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Challenges of Content Moderation: Define "Harmful Content"

Interview with Claire Wardle

Challenges of Content Moderation: Define
 Claire Wardle
Executive Chair at First Draft

France and other countries (among which Germany and the United Kingdom) are currently investing efforts in attempting to regulate the moderation of harmful content on social media platforms. If such initiatives are often supported by public authorities, they are the source of heated debates regarding their potential impact for freedom of expression. Here, Claire Wardle, Executive Chair at First Draft and member of Institut Montaigne’s previous working group on the French media ecosystem, argues that a multi-national reflection on issues of content moderation would benefit countries that have so far been working in silos.

The French report on the regulation of social networks published on May 10th stresses the importance of the transparency of the algorithms used for content moderation, and of accountability by design. What do you think of this approach? Do you believe it can be efficient in decreasing online harms?

My biggest concern about the growing conversations on government regulation of "harmful" content, is that we have no clear definition of what we mean by that. We know how to define illegal speech, such as terrorism related content or children sexual abuse content. Yet we lack clear definitions and boundaries for any speech that lies outside this category. In my work, I regularly witness the weaponization of context: genuine images or posts that could be harmless are framed in such a way so as to become potentially damaging. Decisions about what should be deemed "problematic" or "harmful" are very complex, and our societies haven’t yet agreed on the types of content they expect social media platforms to either curate, or moderate. This explains why I am disappointed by the use of the word ‘harm’ without a clear definition of what we mean by that or how we measure harm.

Decisions about what should be deemed "problematic" or "harmful" are very complex, and our societies haven’t yet agreed on the types of content they expect social media platforms to either curate, or moderate.

Given that definitions aren’t clear, the focus on algorithmic transparency and accountability is definitely justified and worth exploring further. Previous attempts to promote such an approach have led companies to argue that a) their algorithms are commercially sensitive and/or b) these algorithms are intrinsically and structurally too dynamic for the process they use to be explained or made more transparent. I believe it is crucial that the results produced by these algorithms start to be audited.

It is important that we understand the kinds of sensitive and potentially harmful content (e.g. vaccination information, election integrity,  hate speech, abuse and harassment) people are "seeing" on their social media feeds, that we organize society-wide discussions about the types of content we consider to be harmful, and that we decide on the kinds of policies platforms should adopt with regards to these contents.

I am much more interested in governments forcing companies to require independent auditing than having them write their own transparency reports. I would also argue that we need to gather much more evidence and data before any serious regulation on content moderation is drafted.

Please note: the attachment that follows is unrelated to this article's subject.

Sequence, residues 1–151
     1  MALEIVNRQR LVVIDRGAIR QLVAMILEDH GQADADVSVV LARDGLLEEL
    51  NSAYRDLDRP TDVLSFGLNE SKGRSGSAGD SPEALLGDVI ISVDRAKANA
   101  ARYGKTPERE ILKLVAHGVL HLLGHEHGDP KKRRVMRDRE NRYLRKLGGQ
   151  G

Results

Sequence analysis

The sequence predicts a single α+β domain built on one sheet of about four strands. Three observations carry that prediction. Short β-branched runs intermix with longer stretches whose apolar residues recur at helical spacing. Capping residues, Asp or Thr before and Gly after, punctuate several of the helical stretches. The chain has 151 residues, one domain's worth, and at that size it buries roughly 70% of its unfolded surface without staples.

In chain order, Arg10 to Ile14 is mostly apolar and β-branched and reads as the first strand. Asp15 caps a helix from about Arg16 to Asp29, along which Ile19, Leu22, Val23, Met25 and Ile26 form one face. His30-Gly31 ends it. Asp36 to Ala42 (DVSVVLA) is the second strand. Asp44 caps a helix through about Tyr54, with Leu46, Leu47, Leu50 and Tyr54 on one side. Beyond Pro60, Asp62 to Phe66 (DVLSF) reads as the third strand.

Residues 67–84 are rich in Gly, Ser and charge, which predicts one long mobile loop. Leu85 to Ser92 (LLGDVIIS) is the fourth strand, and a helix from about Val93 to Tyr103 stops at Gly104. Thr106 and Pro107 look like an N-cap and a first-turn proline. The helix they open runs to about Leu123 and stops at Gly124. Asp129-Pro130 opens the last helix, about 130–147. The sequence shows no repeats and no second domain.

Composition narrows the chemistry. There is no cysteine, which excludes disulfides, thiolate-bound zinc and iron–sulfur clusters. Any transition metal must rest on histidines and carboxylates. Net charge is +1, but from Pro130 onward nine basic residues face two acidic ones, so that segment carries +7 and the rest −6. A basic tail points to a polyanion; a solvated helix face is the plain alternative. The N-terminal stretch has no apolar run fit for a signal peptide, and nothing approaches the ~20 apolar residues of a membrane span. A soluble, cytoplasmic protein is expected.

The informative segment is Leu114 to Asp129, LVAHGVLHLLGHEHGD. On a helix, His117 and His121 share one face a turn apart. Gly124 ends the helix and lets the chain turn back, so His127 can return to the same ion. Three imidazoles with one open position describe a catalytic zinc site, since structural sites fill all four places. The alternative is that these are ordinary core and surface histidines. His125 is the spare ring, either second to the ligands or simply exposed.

In the US, Mark Zuckerberg’s calls to regulate harmful content online have partly been met with scepticism, in particular due to the country’s long-standing attachment to free speech, defined in the broadest sense. Do you think the regulatory approaches being developed in France and more generally in Europe might nonetheless influence the US?

Conversations about the regulation of content moderation have certainly flourished in the US recently. Europe has taken a tougher stance than the US, partly because its recent history provides the continent with a serious understanding of the severe consequences hate speech can have. The US is more tolerant towards certain types of speech, such as hate speech, which has meant conversations around regulations for moderating content are less common. Yet the US is watching closely what is happening in Europe, and GDPR has certainly sparked significant conversations about the mechanisms that should be deployed to protect personal data. However, I suspect any US regulation related to platforms will focus on anti-trust rather than content moderation.

First Draft News works in many parts of the world, including Brazil, Indonesia and Nigeria. In your opinion, what content moderation initiatives undertaken across the world have been most significant so far?

We have witnessed a number of regulatory proposals from around the world, from Brazil to Australia and Russia. There is now a proposed law in Singapore. All of these have been rushed through, and are problematic in different ways. The focus is on moderating content, and too often putting the burden on the user for sharing misinformation.All of these initiatives are based on poor definitions of what is problematic or harmful. The failure to think collectively is also worrying. The social media companies concerned are global, and national responses are thus insufficient, if not problematic. A multi-national inquiry including representatives from various countries who discuss both with experts and platforms is a much more interesting way of collecting evidence and thinking about the broader responses these issues imply.

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